While we're all pretty aware of the horrors that go into fast food, not everyone may be aware that there are some sketchy things in everyday food products.  The Canadian Food Inspection Agency (CFIA) published a report in 2009 outlining acceptable levels of "extraneous matter" in different food products. Here are five surprising things that the CFIA allows that could be hiding in your next meal. 

1. Bug fragments

cappuccino, mocha, cereal, espresso, coffee
Lisa Xu

While eating bugs may be the next "big" thing, not all of us are crazy about this trend. It's even worse when we may be eating them and not even know it. The Canadian Food Inspection Agency allows 35 bug fragments in 25g of coffee, 25 fragments per 100g of rice, and a shocking 200 fragments in 50g of ground black pepper. Nothing like a cappuccino with a hint of insect parts. 

2. Whole bugs

nut, vegetable, mushroom
Lisa Xu

If you thought bug parts were bad, that's not the worse of it. In certain products, entire bugs are tolerated by the government. If you like mushrooms, better inspect them carefully, because they allow 10 tiny maggots per 100g mushroom. They also allow up to 5 dead mites per 2.5cm cubes of cheese. At least you might get some extra protein out of it. 

3. Hair

cheddar, dairy product, dairy, milk, cheese
Erin Haydon

We've probably come across stray strands of hair in our food at least once. It's pretty gross when it's someone else's hair, but imagine coming cross hair that's non-human. The government allows 1 rodent hair in 225g of bakery products, 1 rodent or mammalian hair in 225g of cheese, and 1 rodent hair per 100g of chocolate.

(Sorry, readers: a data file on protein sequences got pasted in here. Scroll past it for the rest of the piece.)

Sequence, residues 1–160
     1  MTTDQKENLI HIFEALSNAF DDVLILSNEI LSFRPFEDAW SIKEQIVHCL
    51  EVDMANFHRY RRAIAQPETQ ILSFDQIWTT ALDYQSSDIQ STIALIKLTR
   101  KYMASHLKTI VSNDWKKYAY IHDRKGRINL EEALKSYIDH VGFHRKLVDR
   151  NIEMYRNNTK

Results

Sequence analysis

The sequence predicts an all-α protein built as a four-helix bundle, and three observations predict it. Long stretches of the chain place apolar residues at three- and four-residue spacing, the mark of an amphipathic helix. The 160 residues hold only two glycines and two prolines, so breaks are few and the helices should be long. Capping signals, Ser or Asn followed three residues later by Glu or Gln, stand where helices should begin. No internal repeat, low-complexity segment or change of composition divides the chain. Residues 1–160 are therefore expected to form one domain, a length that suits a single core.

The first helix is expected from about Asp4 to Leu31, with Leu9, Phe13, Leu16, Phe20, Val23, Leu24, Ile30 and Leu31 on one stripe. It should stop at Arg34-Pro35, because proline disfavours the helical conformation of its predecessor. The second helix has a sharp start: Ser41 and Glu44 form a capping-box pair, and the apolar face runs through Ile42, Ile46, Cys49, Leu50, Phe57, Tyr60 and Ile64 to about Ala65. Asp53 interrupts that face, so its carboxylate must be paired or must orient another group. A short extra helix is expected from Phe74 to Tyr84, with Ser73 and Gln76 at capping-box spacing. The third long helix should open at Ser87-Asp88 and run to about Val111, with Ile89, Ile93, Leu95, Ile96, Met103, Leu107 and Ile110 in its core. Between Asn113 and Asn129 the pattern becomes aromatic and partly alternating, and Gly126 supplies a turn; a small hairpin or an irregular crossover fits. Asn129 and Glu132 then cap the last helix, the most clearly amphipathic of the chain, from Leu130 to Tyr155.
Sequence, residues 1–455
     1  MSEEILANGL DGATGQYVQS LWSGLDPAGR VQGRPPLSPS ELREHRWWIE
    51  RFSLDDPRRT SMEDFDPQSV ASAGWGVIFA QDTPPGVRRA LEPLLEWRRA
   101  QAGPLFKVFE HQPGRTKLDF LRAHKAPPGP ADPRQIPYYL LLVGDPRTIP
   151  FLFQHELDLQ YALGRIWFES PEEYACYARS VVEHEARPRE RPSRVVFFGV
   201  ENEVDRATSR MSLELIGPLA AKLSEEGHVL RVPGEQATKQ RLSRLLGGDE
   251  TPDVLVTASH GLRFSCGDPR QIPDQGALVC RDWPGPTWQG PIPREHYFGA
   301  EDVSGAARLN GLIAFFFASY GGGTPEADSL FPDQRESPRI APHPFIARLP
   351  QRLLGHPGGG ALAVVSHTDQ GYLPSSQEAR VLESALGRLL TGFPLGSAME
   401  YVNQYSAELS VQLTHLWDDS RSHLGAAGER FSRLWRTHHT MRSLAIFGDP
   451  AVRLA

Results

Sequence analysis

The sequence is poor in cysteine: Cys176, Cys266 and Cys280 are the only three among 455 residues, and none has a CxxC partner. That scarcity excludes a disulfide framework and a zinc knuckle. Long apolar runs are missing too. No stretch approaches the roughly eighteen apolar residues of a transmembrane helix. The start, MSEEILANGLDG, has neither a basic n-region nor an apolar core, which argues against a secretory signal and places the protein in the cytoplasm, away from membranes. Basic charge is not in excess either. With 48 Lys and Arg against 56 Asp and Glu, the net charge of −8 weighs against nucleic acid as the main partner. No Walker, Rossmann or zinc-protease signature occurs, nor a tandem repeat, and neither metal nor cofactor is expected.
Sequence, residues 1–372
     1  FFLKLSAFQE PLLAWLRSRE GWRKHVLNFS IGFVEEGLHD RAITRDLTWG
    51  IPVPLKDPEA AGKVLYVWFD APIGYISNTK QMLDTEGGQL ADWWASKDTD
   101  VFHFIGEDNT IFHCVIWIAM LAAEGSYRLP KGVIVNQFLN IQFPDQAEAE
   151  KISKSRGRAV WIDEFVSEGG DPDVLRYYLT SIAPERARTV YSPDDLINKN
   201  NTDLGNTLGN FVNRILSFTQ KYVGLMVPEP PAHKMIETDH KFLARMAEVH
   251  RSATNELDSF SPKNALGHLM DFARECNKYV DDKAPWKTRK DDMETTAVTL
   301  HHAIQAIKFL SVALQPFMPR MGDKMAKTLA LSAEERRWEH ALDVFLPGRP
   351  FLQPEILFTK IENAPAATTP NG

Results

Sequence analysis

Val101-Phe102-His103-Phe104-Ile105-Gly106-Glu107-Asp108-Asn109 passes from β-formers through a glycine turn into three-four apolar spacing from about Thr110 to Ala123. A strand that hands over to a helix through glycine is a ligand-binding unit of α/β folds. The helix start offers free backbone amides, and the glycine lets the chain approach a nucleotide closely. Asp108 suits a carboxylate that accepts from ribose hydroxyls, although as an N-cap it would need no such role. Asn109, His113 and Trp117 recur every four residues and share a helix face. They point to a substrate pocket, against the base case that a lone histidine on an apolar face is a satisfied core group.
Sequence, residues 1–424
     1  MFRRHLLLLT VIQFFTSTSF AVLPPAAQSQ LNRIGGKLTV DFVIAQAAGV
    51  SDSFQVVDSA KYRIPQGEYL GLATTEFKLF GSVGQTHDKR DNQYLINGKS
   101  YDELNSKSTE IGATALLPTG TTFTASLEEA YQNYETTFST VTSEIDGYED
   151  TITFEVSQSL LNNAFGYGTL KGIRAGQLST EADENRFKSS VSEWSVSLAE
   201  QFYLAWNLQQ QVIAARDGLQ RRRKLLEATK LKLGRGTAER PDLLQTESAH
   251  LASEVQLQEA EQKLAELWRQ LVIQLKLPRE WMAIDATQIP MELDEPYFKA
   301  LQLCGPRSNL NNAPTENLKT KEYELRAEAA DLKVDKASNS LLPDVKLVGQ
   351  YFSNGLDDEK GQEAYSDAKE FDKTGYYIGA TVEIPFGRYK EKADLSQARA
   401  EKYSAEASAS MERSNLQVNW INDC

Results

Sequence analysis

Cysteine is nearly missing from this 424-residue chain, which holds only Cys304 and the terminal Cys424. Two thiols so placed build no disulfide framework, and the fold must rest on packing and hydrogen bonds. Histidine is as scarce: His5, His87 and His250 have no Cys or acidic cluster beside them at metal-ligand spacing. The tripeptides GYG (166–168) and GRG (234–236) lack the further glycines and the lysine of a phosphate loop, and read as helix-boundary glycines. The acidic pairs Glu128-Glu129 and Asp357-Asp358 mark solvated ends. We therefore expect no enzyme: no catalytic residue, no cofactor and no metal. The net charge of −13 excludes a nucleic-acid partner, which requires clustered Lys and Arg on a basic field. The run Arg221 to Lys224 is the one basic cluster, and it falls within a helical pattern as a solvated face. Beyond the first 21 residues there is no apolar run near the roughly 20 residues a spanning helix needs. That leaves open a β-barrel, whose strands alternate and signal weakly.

4. Metal particles

chocolate, milk, candy, milk chocolate, sweet, chocolate bar
Claudia Offner

When machines produce most of our food, it's not surprising that there's a risk of running into metal fragments. What's surprising is how much the CFIA allows in our food. For example, they permit 100 minuscule particles in 100g of chocolate and cocoa powder, and 8 pieces in 225g of cheese. It might not seem like a lot, but if you're a chocoholic or cheese lover, you might be consuming more iron than your diet calls for. 

5. Heavy filth

cream, dairy product, milk
Lisa Xu

You don't have to know what the word means to know that it sounds pretty bad. Heavy filth refers to "materials separated from products by sedimentation," like sand, insect or rodent pellets. The CFIA allows 70mg per 25g of kelp products. You may be relieved, thinking you don't eat kelp products on a daily basis, but they're used as thickeners in salad dressings, puddings, cakes and dairy products. 

These days, you can't always tell what you're eating simply by looking at the ingredients list. Though CFIA allows these things in such small amounts that it's safe and unnoticeable, it's still pretty startling that there could be some "extra" toppings on your next slice of pizza that you never knew about.